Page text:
FIG. 6B illustrates a flow chart 180 corresponding to procedure 138 from the perspective of the host 82. The flow chart 180 begins at step 182, whereby the host 82 receives a communication request with the client 84. Subsequently, the host 82 receives the profile 148 of the client 84 in step 184 and the host 82 sends its connection profile to the client 84 via a NFC tap operation 146 in step 186.

A determination is made in step 188 as to the overlap of the profiles 148, that is, if a common network is available for connection. If a common network is available for connection, then a notification of a common network is transmitted and the host 82 and the client 84 may communicate and/or exchange data 154 on the common network, which may be include any suitable network that may be provided by the communication interfaces 54-66, in step 190.

If, however, no overlap of the profiles 148 exists in step 188, then the host 82 may determine if the client 84 has sent a hosting request in step 192. If no hosting request is received by the host 82, then the procedure 138 ends in step 194. If, however, a hosting request is received, the host 82 may select and transmit shared connection information to the client in step 196. The client 84 may select a hosting connection from the shared connection information transmitted from the host 82 in step 196 and may further transmit the selected hosting connection to the host 82 in step 198. If, in step 200, the selected hosting connection is approved by the host 82, a connection may be established using the selected hosting connection of the host 82 via tunneling in step 202. This hosting connection may be transmitted across an IEEE 802.11, a Bluetooth®, or other similar interface that commonly exists in both the host 82 and the device 84. In this manner, the client 84 may communicate through the hosted connection to an external network or directly to the host 82. If, however, the selected hosting connection is not approved by the host 82 in step 200, the procedure 138 for communication between the host 82 and the client 84 ends in step 194.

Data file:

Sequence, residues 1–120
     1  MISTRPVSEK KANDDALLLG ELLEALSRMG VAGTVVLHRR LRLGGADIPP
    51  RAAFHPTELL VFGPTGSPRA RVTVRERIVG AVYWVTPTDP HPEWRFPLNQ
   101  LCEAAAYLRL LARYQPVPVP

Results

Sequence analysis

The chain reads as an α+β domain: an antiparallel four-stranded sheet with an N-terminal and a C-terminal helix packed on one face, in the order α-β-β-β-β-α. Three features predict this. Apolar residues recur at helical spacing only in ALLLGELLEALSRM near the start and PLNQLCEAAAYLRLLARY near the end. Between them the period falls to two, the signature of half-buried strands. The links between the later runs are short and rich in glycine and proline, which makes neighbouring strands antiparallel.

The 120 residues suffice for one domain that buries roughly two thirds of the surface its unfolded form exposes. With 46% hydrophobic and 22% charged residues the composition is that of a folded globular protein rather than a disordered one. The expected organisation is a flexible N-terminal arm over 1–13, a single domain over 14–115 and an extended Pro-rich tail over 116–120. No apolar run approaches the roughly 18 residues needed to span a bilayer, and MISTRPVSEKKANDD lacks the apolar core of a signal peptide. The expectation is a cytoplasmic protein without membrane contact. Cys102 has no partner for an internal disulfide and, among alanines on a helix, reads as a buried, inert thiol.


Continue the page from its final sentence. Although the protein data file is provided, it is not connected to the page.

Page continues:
FIGS. 7A and 7B illustrate flow charts 204 and 206 respectively, corresponding to steps 164 and 188 of FIGS. 6A and 6B. The flow chart 204 of FIG. 7A illustrates the steps taken in the determination of step 164 as to the overlap of the profiles 148, that is, if a common network 86 is available for connection. In step 208, the client 84 determines if the host 82 is currently on a network. If the host 82 is on a network, the client 84, in step 210, attempts to join the network of the host 82. If the client 84 is able and/or allowed to join the network of the host 82, the client 84 proceeds to step 166. If, however, the client 84 is not able and/or allowed to join the network of the host 82, the client 84 proceeds to step 168.